In the past, it was rarely a good thing when the subject of creating a harmonized value-added tax (VAT) rate at the European level was brought up. For businesses, any change usually meant more bureaucracy, more work for their accountants and ultimately more costs for them.
But everything is supposed to be different this time, with the latest changes in the decades-long pursuit to create a harmonized value-added tax rate for the European Union. The newest reform attempts to apply a harmonized E.U. rate to telecommunications, broadcast and electronic services, among other things.
Approved by European lawmakers in 2008, this part will be implemented in Germany in early next year.
For the first time, the VAT rate on purchases will depend on where the customer lives, not where the company selling the product or service is based. With this change, the European Union wants to embed the principle of consumption even more solidly in the taxation of sales. The European Commission also wants to establish rules of play for better competition among companies in the inner-European market.
This is because conditions are anything but harmonized in Europe when it comes to sales taxes.
Luxembourg, an E.U. member country, has the lowest VAT rate of 15 percent, which will rise to 17 percent on January 1. Malta applies an 18 percent tax. Hungary, with 27 percent, has the highest. Germany, the largest economy, charges 19 percent. Most E.U. countries impose VAT rates of 20 to 25 percent on purchases.
The European Union’s latest VAT reform perpetuates this range of rates and provides options for products and services where reduced rates apply. Many E.U. countries have used lower VAT to their advantage, said Frank Gehring, an expert in indirect taxation at PriceWaterhouseCoopers. “Until now, sellers based in Hungary, with its statutory tax rate of 27 percent, were at a significant disadvantage compared to those in Luxembourg, with its rate of 15 percent.”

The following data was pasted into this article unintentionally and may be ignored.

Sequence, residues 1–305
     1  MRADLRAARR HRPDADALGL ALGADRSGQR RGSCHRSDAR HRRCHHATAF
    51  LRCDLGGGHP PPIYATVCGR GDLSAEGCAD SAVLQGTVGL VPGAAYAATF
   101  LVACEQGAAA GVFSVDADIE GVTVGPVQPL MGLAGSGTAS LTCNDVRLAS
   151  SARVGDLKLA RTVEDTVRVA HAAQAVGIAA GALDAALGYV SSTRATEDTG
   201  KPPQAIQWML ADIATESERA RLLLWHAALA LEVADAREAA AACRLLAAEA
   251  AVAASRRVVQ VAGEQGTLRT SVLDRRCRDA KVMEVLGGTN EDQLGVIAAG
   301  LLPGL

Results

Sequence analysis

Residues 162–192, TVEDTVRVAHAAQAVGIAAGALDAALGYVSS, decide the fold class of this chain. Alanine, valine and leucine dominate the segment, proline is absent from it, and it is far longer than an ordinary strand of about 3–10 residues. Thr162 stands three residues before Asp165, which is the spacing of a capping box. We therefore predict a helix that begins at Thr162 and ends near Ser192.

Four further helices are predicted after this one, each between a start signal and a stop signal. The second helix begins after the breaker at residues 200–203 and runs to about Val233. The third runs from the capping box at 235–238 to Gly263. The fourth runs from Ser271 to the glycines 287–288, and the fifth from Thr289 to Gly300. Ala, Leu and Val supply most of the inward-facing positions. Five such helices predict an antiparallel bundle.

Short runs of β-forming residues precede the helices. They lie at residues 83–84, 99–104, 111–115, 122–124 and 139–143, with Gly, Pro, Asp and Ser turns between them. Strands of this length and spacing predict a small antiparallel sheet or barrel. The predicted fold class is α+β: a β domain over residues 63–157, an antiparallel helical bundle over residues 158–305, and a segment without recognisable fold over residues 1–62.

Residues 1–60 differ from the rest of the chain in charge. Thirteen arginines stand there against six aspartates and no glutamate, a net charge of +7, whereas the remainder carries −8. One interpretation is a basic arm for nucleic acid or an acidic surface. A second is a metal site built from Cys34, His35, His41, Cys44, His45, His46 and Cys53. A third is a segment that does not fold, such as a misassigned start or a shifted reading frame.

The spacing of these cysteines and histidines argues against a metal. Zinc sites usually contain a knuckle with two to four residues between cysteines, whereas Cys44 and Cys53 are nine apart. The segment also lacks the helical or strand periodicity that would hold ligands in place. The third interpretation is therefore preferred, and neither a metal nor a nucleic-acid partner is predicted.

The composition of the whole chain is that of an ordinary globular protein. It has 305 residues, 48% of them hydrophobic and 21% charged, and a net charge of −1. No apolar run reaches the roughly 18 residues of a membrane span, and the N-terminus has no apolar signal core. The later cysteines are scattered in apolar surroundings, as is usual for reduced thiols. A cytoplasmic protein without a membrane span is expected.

This will change when the VAT rate on purchases is based on the location of a purchase or service, not the headquarters of the seller.
The change will greatly affect mobile wireless companies and broadcasters, as well as companies that sell downloads of games, music, e-books and online news. According to Mr. Gehring, the new rule doesn’t just apply to services because they use the Internet as a mode of transmission. “When you order a book from an online retailer,” he says, “it isn’t an electronic service, but the delivery of a book – the only difference being that it was ordered online.”
Businesses affected by the change will have to adjust their pricing to retailer consumers. Business customers will not be affected by the new rule.
But the new change will create a new paperwork burden for businesses, Mr. Gehring said. In essence, companies will have to determine where their customers live, and apply the relevant VAT. “They’ll have to keep records and correctly assess and post the applicable VAT,” he said. “This creates a substantial cost of adjusting bookkeeping systems.”